could help with retention efforts

Being used as career/recruitment tool by law firms,
corporations, etc.
What are some questions and problems
associated with social networking sites?

Ethical issues: Faculty and staff having profiles that may not
be appropriate, questions regarding the appropriateness of
checking student profiles when considering for admissions;
hiring decisions

Safety issues: kidnapping and legal issues (especially with
Myspace)

Judicial Issues: to what degree should we police our students’
use of substances (alcohol, drugs, etc) and other behavior?

Student Privacy Issues: Is what students post or have in their
profiles private? One example is the issue of LGBT students
kicked out of conservative schools

Other Issues: institution can’t control content, students get
preconceived notions about people they haven’t met (future
roommates, etc.)
Social Networking Sites
Points for Discussion
 What responsibility does an institution have for
teaching students about the potential dangers of
social networking sites?
 Are there any issues with being affiliated
with/endorsing an outside site (Myspace and
Facebook sponsors)?
 Should faculty and staff be allowed to have
profiles? If so, should the content they place in
their profile be censored?
 How does student engagement in social
networking sites contribute to their identity
development?
Second Life
Harvard classroom in Second Life
(image linked from http://blogs.law.harvard.edu/cyberone/)
What is Second Life?
• Online virtual world that is built and owned by its
residents
• People create avatars (characters) to represent
themselves in this virtual world
• Through their avatars, people can create things in
Second Life, including starting online businesses
• Many real-life businesses are also getting involved
in Second Life by having virtual branches
• Allows for collaboration and interaction from
anywhere in the world
How is Second Life relevant to higher
education?
• Schools can offer classes or other activities within
Second Life
• Can be used in distance education to create a greater
sense of community among students
• Allows for new ways of learning and interaction for
students and faculty
• Encourages collaboration
• Can be utilized both as a tool for distance learning or as
a supplement to traditional classroom interaction
• Institutions can make classes available to anyone or
purchase a private island and offer classes exclusively
to registered students
• Over 70 institutions of higher education are currently
utilizing Second Life
Benefits of Second Life
• Increased interaction and sense of community when
compared to other forms of distance education
• Does not require classroom space for a discussion
• Can be used by a wide range of institutions
• Relatively affordable (cost of a private island is about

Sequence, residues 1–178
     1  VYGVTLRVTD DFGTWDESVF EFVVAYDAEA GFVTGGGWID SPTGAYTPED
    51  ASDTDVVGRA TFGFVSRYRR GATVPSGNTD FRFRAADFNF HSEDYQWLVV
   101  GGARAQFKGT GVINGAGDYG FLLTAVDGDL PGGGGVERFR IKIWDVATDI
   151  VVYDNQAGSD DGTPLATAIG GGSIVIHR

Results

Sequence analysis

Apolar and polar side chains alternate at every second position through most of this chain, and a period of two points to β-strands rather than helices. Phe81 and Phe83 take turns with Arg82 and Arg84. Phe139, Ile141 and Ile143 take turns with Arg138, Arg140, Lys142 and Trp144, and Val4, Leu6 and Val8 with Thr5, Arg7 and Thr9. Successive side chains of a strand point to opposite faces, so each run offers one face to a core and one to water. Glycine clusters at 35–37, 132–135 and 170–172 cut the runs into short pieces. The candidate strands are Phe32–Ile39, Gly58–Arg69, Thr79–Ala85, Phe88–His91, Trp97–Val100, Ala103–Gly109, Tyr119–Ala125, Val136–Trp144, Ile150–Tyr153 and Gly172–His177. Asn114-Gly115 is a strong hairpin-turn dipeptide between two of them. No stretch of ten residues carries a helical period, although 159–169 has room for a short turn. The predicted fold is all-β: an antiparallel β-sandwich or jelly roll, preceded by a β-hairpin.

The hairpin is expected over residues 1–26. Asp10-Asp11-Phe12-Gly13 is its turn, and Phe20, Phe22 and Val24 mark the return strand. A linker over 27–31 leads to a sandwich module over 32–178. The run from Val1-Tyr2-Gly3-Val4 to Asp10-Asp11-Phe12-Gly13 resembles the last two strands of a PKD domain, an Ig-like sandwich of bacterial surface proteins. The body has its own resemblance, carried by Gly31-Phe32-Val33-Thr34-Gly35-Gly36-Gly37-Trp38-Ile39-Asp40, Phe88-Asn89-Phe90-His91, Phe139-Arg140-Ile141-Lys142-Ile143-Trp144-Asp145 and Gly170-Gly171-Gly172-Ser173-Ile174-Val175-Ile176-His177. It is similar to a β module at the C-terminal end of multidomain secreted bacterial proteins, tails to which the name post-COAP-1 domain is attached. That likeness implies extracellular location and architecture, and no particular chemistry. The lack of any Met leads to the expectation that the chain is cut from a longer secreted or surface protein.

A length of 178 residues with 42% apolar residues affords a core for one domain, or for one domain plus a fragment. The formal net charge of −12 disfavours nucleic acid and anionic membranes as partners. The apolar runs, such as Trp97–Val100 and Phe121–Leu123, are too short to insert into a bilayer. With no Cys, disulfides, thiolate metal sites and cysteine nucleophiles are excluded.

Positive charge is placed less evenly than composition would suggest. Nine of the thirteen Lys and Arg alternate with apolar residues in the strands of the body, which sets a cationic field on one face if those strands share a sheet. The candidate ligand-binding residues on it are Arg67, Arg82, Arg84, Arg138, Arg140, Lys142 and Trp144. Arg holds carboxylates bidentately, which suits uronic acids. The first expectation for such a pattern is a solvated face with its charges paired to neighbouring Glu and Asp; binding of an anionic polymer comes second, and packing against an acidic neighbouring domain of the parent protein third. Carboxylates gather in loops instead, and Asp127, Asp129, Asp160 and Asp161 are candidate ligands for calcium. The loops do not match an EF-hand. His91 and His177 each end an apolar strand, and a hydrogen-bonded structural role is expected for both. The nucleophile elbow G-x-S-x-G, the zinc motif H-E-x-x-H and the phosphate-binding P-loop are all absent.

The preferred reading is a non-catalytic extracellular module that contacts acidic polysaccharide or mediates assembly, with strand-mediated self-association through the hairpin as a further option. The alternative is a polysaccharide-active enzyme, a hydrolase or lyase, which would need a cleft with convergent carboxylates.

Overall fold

$1,000, plus a $150 monthly maintenance fee)
• Offers potential to prepare for real-life scenarios using
simulation exercises
• Classes tend to be more discussion based, allowing for
more interaction and exchange between students and
faculty
• Offers a new medium for education whose options have
not been fully explored yet
Problems with using Second Life
•
Requires a relatively high level of technical knowledge and
skill
•
Requires computers with reliable high-speed internet
connections and graphic capabilities
•
New technology can be intimidating to both students and
faculty
•
Works better for discussion-based classes rather than lectures
•
Questions about whether virtual communication and
collaboration are an adequate substitute for real-life classes
•
Students under age 18 cannot access the adult area of Second
Life and therefore could not participate in classes
•
Classes can occasionally be interrupted by intruders
Where can I learn more about Second
Life?
• What is Second Life?
• Education in Second Life
• The Ultimate Distance Learning
(article from the New York Times)
• Universities Register for Virtual Future
(article from CNet News)
• List of Higher Education Institutions
currently using Second Life
• Second Life Educator Workshop 2006
Technology in Higher Education
Summary of Topics Covered
• Institutional Spam
• Blogs
• Social Networking Sites
• iPods and Podcasting
• Second Life
Concluding Thoughts
• Although technology can benefit higher education,
institutions need to thoroughly review what type
of devices best fit with their institutional mission
and their students, faculty, and administrators.
• Technology is undoubtedly part of education now.
Higher education institutions should offer training
to students, faculty, and administrators to keep
them up to date with new technologies.
• Perhaps the Dean’s Council should consider
creating a “technology committee” to keep up to
date with new technological developments and
their applications in the higher education sector